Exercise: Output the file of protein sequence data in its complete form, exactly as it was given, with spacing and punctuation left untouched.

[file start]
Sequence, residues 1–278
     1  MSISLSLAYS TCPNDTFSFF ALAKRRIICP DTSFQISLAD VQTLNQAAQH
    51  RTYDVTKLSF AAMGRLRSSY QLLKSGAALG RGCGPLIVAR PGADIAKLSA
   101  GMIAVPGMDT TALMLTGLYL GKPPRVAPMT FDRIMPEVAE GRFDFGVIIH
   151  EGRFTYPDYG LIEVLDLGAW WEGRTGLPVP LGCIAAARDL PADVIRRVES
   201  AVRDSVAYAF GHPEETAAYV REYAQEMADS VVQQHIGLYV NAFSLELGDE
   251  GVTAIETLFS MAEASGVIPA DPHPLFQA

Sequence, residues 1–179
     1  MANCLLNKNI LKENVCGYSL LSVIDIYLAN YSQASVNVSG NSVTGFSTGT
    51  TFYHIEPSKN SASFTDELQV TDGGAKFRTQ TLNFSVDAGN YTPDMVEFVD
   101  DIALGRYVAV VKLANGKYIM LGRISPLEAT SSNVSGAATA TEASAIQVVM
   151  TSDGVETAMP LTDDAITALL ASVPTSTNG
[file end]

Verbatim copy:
Sequence, residues 1–278
     1  MSISLSLAYS TCPNDTFSFF ALAKRRIICP DTSFQISLAD VQTLNQAAQH
    51  RTYDVTKLSF AAMGRLRSSY QLLKSGAALG RGCGPLIVAR PGADIAKLSA
   101  GMIAVPGMDT TALMLTGLYL GKPPRVAPMT FDRIMPEVAE GRFDFGVIIH
   151  EGRFTYPDYG LIEVLDLGAW WEGRTGLPVP LGCIAAARDL PADVIRRVES
   201  AVRDSVAYAF GHPEETAAYV REYAQEMADS VVQQHIGLYV NAFSLELGDE
   251  GVTAIETLFS MAEASGVIPA DPHPLFQA

Sequence, residues 1–179
     1  MANCLLNKNI LKENVCGYSL LSVIDIYLAN YSQASVNVSG NSVTGFSTGT
    51  TFYHIEPSKN SASFTDELQV TDGGAKFRTQ TLNFSVDAGN YTPDMVEFVD
   101  DIALGRYVAV VKLANGKYIM LGRISPLEAT SSNVSGAATA TEASAIQVVM
   151  TSDGVETAMP LTDDAITALL ASVPTSTNG